Ice Hikers

This past winter during one of our Q&A's on Instagram we got asked a question we hadn't been asked before and it brought up a great topic that intrigued us and resulted in a lot of research to answer correctly and educate others. The question was about tips for hiking in extremely cold temperatures with your dog and if it's safe. We actually fell in love with the idea of "ice hiking" as we call it (because of the freezing temperatures) with your dogs, so here is some research and important things to know if you want to hike with your dogs in subfreezing temperatures.


Knowing the basics!


Before you decide to take your dog out in extreme cold weather you need to make sure you take into consideration your dog's breed, health, and age. Not all dogs are built to withstand cold temperatures even if it is for a hike. If your dog is a puppy or on the older side we don't recommend taking them out on these extreme hikes very long due to the higher risk of potential injuries from navigating in thick snow and freezing temperatures.


Try and be smart about the trails you choose. If you know the trail is harder and covered in deep snow it probably isn't best trail to hike with your dog in extreme temperatures. Consider the length of the hike as well. Just like taking short hikes in the summer heat you should probably shorten your hikes in the winter if the weather is extreme. If the temperature is above freezing you can obviously go longer but we highly recommend only hiking no more than 40 minutes in below freezing temperatures.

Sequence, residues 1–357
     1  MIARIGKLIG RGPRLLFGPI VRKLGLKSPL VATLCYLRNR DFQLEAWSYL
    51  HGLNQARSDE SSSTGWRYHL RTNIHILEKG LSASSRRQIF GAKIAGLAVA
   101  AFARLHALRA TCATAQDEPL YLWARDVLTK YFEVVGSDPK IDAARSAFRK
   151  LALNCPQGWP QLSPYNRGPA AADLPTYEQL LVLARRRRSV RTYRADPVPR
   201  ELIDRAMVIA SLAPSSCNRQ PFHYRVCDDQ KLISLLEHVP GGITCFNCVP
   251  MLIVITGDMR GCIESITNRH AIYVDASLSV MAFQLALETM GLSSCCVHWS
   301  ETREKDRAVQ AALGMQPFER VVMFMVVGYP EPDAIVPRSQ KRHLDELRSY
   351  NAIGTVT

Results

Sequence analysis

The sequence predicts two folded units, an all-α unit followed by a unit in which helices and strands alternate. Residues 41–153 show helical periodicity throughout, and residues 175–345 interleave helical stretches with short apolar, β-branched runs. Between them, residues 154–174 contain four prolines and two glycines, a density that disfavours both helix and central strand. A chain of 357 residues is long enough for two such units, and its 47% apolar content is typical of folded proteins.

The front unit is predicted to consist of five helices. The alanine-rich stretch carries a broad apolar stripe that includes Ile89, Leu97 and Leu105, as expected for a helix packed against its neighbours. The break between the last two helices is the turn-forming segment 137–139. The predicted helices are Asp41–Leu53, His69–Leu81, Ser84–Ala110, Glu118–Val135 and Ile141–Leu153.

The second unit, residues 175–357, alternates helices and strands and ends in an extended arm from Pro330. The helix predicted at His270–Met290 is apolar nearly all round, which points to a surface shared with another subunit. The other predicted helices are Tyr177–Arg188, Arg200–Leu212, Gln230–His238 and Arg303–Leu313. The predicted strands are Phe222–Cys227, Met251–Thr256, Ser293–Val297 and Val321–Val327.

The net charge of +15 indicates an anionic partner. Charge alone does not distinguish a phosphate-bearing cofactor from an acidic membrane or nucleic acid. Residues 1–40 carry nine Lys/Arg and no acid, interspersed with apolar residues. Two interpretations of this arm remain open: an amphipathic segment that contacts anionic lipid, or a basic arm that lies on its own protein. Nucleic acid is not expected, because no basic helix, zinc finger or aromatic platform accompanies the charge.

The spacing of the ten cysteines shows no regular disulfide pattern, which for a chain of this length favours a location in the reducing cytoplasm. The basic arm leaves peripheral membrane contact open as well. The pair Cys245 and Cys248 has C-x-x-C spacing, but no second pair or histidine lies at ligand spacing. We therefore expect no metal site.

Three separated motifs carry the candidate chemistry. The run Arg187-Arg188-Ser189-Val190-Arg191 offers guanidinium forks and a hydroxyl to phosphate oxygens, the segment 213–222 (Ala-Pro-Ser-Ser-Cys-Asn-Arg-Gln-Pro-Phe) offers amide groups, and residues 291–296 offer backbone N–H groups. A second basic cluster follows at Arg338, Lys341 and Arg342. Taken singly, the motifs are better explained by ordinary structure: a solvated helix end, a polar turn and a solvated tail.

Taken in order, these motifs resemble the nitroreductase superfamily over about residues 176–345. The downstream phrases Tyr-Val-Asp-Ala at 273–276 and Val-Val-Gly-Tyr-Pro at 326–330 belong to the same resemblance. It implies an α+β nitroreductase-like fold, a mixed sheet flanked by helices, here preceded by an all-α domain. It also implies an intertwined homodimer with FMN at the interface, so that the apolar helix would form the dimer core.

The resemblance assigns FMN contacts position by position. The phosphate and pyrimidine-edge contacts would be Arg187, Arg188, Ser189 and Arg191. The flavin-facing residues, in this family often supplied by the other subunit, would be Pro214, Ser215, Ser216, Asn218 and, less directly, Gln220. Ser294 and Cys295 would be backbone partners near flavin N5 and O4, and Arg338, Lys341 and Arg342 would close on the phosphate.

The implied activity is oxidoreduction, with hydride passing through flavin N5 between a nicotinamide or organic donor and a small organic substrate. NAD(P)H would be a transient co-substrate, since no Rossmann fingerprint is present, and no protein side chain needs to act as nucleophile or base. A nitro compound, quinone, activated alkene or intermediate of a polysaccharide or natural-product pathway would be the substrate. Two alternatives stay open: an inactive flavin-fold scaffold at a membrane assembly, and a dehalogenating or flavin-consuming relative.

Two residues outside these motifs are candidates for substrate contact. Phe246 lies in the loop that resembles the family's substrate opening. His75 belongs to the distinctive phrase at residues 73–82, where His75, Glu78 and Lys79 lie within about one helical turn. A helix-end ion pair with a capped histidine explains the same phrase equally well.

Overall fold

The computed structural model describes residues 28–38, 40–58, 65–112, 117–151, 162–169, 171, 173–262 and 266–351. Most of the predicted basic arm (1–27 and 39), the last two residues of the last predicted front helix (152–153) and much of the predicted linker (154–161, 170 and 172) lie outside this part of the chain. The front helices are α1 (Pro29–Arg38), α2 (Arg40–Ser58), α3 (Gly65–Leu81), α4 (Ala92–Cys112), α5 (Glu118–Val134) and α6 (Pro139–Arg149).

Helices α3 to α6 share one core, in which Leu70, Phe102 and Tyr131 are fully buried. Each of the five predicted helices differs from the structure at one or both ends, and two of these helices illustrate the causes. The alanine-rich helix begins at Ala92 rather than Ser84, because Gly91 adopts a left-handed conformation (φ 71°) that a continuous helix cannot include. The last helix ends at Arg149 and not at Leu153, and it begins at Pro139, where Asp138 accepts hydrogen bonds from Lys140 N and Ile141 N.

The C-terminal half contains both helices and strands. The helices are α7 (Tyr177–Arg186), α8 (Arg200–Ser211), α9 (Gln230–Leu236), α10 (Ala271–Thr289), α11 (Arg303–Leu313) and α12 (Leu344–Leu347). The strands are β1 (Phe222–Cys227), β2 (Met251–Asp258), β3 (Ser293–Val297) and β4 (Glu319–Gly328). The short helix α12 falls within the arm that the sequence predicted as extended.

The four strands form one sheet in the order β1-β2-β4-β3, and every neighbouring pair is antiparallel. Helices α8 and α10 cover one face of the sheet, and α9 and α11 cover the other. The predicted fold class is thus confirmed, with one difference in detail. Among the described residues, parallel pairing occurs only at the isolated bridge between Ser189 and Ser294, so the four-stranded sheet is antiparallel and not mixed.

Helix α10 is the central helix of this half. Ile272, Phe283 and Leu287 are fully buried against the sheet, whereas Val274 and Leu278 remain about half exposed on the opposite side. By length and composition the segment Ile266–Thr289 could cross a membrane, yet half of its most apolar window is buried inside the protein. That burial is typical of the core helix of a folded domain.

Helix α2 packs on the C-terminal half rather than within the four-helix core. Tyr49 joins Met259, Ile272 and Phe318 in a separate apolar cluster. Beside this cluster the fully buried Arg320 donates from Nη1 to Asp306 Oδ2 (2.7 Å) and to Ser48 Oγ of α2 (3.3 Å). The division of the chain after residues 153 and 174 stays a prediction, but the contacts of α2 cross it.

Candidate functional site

Have the right gear!

Make sure you're properly prepared with your gear just like any other hike. Things you should probably have with you for your dog during cold winter hikes are:

  • Winter boots.

  • A good quality snow winter jacket.

  • Water (Warm water will help keep your pups body temperature up.)

  • Paw protectant balm.



Let's talk frostbite!


Did you know that your dog can get frostbite and hypothermia!? Here are some things to look out for if your dog is getting too cold.

  1. Whining or barking while hiking for no reason.

  2. Your dog is continually stopping and picking up their paws.

  3. Noticeable shivering.

  4. They appear anxious and uncomfortable resulting in them looking for cover or shelter.

  5. Very cold paws, nose, ears, or tip of the tail, or you begin to see discoloration in those areas that might be a sign of early frostbite setting in.

  6. Trouble breathing and is beginning to appear clumsy or lazy while hiking they might also be in the early stages of hypothermia.